Medical Professional Advises Nigerians on Regular Eye Check

Noting that they will be able to detect any problem and receive treatment where necessary to prevent it from deteriorating.
Eye check up
Eye check upGoogle

Dr Sunday Isiyaku, Sightsavers Country Director, has urged Nigerians to go for regular eye check-ups at least every six months to prevent visual impairment.

Isiyaku gave the advice yesterday at a two-day media partners capacity meeting in Keffi, Nasarawa State.

He stated with concern the number of persons suffering from visual impairments in the country, emphasizing the need for the government and other stakeholders to collate data for accurate cases and medical solutions.

“It is mandatory to screen your eyes every six months to enable early diagnosis of eye problems.

 ”And with that, they will be able to detect any problem and receive treatment where necessary to prevent it from deteriorating,” he asserted.

He said the organization recently donated new health equipment to Kwara to enhance the capacity and effectiveness of eye care services and help improve early diagnosis of eye issues in local communities.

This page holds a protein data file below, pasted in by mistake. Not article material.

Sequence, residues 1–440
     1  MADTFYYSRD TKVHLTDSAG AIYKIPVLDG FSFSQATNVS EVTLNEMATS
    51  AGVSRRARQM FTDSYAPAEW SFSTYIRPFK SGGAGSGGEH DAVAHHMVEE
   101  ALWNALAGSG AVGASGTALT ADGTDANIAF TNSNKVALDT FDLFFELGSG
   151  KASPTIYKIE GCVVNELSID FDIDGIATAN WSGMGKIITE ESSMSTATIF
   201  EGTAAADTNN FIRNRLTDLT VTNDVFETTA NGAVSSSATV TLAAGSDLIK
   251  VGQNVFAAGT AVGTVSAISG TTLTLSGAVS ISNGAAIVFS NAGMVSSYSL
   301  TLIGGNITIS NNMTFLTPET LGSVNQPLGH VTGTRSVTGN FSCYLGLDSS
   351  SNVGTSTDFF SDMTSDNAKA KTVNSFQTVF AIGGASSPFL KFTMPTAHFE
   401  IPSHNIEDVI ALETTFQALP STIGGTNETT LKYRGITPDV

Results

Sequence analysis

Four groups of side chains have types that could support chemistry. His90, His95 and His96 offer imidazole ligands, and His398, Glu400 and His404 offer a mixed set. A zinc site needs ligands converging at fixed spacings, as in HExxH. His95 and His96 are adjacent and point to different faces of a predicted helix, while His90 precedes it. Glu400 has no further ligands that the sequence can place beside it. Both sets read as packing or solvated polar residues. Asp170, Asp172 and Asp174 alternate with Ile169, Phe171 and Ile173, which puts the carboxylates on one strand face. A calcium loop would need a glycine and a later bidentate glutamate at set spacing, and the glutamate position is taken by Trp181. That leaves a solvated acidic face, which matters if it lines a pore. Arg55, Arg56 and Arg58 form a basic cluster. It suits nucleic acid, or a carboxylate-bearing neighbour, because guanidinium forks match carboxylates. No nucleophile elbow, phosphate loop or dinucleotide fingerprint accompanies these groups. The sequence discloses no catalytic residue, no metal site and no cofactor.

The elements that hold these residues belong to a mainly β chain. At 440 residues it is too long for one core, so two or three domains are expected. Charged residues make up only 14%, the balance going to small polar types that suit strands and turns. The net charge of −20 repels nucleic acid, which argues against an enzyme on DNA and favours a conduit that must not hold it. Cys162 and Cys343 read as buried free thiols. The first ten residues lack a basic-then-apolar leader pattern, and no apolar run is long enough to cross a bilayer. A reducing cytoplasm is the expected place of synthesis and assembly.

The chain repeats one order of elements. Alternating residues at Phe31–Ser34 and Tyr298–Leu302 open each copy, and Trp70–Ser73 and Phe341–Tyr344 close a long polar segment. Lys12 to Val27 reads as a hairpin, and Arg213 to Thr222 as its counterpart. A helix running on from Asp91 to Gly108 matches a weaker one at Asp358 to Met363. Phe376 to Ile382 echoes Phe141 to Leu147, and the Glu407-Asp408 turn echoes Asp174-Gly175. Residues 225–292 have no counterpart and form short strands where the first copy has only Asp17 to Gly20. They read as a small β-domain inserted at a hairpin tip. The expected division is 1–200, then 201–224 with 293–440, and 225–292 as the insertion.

”In 2020 in Nigeria, there were an estimated 24 million people with vision losses and without concerted efforts, these numbers could increase.

”We are collaborating with the Kwara government to bolster eye care services in the region through provision of state-of-the-art tools that will support medical professionals to provide quality eye care services.

“The equipment includes diagnostic tools, surgical instruments and specialized technology to help with early detection, diagnosis and treatment of eye health issues,” he stated.

Additionally, Dr. Isiyaku highlighted the importance of good eye health, which he said creates a ripple effect across education, wellbeing, economics and health outcomes.

”Sightsavers’ vision is of a world where no one is blind from avoidable causes, and we are committed to supporting individuals with visual impairments to access the support they need,” he said.

Ms Palma Ileya, a media practitioner with Pilot Newspaper, said the media engagement had provided an avenue for journalists to interact and strategize on advocacy to improve eye health care in the country.

Mr Israel Shosimi, a reporter with Aso Radio and Television, said the engagement had also created awareness amongst journalists to hold policy makers, governments and other stakeholders accountable for actions that will promote health and wellbeing.

It was gathered that the media engagement draws participants from various media organizations.

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